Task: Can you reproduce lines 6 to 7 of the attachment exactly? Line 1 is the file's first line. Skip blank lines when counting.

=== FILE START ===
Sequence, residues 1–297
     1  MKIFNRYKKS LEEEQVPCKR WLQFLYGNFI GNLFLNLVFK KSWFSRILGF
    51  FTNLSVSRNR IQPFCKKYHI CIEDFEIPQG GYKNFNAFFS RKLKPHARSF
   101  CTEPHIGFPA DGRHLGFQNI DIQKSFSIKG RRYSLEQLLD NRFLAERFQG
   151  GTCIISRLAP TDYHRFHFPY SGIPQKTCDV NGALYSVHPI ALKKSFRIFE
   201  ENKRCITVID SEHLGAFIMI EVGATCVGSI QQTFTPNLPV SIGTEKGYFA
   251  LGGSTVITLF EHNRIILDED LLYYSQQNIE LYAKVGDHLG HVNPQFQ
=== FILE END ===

   201  ENKRCITVID SEHLGAFIMI EVGATCVGSI QQTFTPNLPV SIGTEKGYFA
   251  LGGSTVITLF EHNRIILDED LLYYSQQNIE LYAKVGDHLG HVNPQFQ